# Need help on $\chi^2$ test

A die is thrown $$150$$ times with the following results, No of tossed up - 1 2 3 4 5 6 and the frequency will be $$19,23,28,17,32,31$$.

I got the value for $$(O-E)^2$$ as $$198..$$ E is $$25$$.

I got the $$X_2$$ value as $$7.92$$ but in my text book it shows as $$7.32$$

Not sure where did I go wrong.Can someone help me with the right answer ?

• $7.92= (36+4+9+64+49+36)/25$ looks reasonable Jun 14, 2019 at 13:08

I assume you are testing the null hypothesis that the die is fair.

Chi-squared statistic. As as stated in @Henry's Comment, the chi-squared statistic for your data computes to $$Q = \sum_{i=1}^6 \frac {(X_i - E_i)^2}{E_i} = 7.92.$$

Using R as a calculator:

X = c(19, 23, 28, 17, 32, 31);  X
[1] 19 23 28 17 32 31
E = mean(X);  E
[1] 25
X - E
[1] -6 -2  3 -8  7  6
(X-E)^2
[1] 36  4  9 64 49 36
(X-E)^2/E
[1] 1.44 0.16 0.36 2.56 1.96 1.44
sum((X-E)^2/E)
[1] 7.92


If the die is fair, then $$Q \stackrel{aprx}{\sim} \mathsf{Chisq}(\nu = 6-1 = 5).$$

Critical value for test at 5% level. The critical value for a test at the 5% level is $$c = 11.0705.$$ Because $$Q < c$$ you cannot reject the null hypothesis, so you conclude that your 150 observed rolls of the die are consistent with a fair die.

qchisq(.95, 5)
[1] 11.0705


P-value of the test. The P-value is the probability in the right-hand tail of $$\mathsf{Chisq}(5)$$ beyond the observed value $$Q = 7.92.$$ That is, $$0.1607 > 0.05,$$ so you cannot reject the null hypothesis.

1 - pchisq(7.92, 5)
[1] 0.1607


In the figure below the density function of $$\mathsf{Chisq}(5)$$ is shown along with the observed value $$Q = 7.92$$ (solid vertical line) and the critical value $$c = 11.0705$$ (dotted vertical line). The P-value is represented by the area to the right of the solid vertical line.

Chi-squared goodness-of-fit test in R. In R statistical software, this test is performed as shown below. (The default null hypothesis is that categories are equally likely.)

chisq.test(X)

Chi-squared test for given probabilities

data:  X
X-squared = 7.92, df = 5, p-value = 0.1607


Does $$Q$$ really have a chi-squared distribution? The test statistic has nearly a chi-squared distribution. As the sample size become infinite, the approximate becomes better. Simulation studies have shown that the fit is quite good provided that the expected count for each category (face of the die) is 5 or greater; here we have $$E = 25.$$

The simulation below shows that the true significance level using critical value $$c = 11.0705.$$ is very nearly 5%. The simulation is based on finding the value $$Q$$ for a million 150-roll experiments with a fair die.

set.seed(614)
q = replicate(10^6,
chisq.test(tabulate(sample(1:6, 150, rep=T)))$stat) c = qchisq(.95, 5); mean(q >= c) [1] 0.049564  The histogram of the one million simulated values of $$Q$$ is shown below along with the density curve of $$\mathsf{Chisq}(5).$$ The proportion of the simulated $$Q$$'s to the right of the critical value $$c$$ is very nearly 5%. Power of the goodness-of-fit test. If your die is biased, then it is reasonable to ask how likely the test is to reject the null hypothesis. That probability is called the 'power' of the test. Suppose we roll a 'loaded' die (perhaps with a lead weight embedded under face 1), for which the probability of getting 1 is $$1/18,$$ the probability of getting 6 is $$5/18,$$ and all other faces have probability $$1/6.$$ Thus the probability vector is not $$p_0 = (1/6, 1/6, \dots, 1/6),$$ as specified by the null hypothesis, but is has the alternative values $$p_a = (1/18, 1/6, 1/6, 1/6, 1/6, 5/18).$$ A simulation with such a biased die is shown below. We see that the power of the test against this alternative distribution is about 98.5%. So we the test is almost sure to reject the null hypothesis that such a die is fair. set.seed(2019) ; p.a=c(1,3,3,3,3,5)/18 q = replicate(10^6, chisq.test(tabulate(sample(1:6, 150, rep=T, prob=p.a)))$stat)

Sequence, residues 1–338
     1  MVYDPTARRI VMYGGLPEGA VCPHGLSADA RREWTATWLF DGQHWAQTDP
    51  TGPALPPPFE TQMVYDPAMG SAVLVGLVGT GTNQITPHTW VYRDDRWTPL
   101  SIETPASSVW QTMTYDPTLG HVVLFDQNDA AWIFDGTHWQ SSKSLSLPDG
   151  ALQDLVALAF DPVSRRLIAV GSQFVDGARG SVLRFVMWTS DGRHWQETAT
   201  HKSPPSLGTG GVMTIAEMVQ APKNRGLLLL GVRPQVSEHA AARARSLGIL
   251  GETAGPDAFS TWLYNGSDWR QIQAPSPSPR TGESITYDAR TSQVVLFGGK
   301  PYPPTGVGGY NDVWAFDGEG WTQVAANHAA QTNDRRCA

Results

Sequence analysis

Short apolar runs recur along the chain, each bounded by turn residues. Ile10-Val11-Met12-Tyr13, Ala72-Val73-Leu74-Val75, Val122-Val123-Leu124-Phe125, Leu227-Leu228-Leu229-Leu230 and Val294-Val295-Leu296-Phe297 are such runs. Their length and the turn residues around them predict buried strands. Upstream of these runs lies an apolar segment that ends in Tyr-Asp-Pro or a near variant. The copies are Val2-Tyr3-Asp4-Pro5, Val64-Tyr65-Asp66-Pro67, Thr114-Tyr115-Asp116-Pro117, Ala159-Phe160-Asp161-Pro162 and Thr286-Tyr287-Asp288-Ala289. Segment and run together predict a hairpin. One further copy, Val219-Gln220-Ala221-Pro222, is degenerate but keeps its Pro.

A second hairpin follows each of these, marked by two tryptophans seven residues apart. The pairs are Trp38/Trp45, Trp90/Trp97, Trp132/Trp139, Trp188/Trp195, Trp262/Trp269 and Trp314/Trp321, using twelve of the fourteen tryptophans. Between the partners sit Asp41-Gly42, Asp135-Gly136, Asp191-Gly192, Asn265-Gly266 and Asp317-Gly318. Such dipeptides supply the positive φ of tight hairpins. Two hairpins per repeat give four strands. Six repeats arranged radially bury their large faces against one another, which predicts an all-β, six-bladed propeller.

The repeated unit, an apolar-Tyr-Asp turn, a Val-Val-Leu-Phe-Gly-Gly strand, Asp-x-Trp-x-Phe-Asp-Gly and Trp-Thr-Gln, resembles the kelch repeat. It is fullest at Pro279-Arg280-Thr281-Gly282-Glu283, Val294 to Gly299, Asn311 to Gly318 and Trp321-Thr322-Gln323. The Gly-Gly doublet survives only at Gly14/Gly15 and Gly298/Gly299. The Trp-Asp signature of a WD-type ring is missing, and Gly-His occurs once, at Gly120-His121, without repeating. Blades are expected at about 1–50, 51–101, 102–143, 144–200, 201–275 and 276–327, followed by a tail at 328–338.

c = qchisq(.95, 5)
mean(q >= c)
[1] 0.984847


Theoretically, for large sample sizes, the distribution of the test statistic $$Q$$ is now a noncentral chi-squared distribution. The noncentrality parameter is

$$\lambda = n\sum_{i=1}^6 \frac{(p_{ai}-p_{0i})^2}{p_{01}}.$$

Using the noncentrality parameter, we can get the approximate power of the goodness-of-fit test against this specified alternative as 97.1%, which is not far from what we got from the simulation.

p.a = c(1,3,3,3,3,5)/18
lam = 150*sum((p.a-1/6)^2/(1/6)); lam
[1] 22.22222
1 - pchisq(c, 5, lam)
[1] 0.9709793


If the die were less heavily biased so that the respective values of faces 1 trough 6 are $$p_a = c(2/18, 1/6, 1/6, 1/6, 1/6, 4/18),$$ then the power of the test would be only about 40%.

p.a = c(2,3,3,3,3,4)/18
lam = 150*sum((p.a-1/6)^2/(1/6)); lam
[1] 5.555556
1 - pchisq(c, 5, lam)
[1] 0.4018898


References; See Wikipedia for a basic explanation of the noncentral chi-squared distribution. This paper by W. Guenther in The American Statistician (1988) shows the use of the noncentral distribution in power computations for goodness-of-fit tests.